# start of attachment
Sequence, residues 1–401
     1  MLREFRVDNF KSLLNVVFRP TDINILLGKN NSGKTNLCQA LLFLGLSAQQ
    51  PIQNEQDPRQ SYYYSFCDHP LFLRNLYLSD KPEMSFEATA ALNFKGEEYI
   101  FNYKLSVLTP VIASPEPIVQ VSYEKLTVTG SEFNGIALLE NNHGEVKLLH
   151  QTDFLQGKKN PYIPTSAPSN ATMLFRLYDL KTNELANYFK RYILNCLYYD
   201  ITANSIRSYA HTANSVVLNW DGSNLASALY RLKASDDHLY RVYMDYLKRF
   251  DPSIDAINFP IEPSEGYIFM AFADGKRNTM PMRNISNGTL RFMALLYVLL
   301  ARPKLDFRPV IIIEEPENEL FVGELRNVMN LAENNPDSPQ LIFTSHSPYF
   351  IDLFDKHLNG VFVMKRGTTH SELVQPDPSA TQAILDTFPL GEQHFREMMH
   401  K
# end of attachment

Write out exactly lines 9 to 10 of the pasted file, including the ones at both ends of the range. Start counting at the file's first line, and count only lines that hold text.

   351  IDLFDKHLNG VFVMKRGTTH SELVQPDPSA TQAILDTFPL GEQHFREMMH
   401  K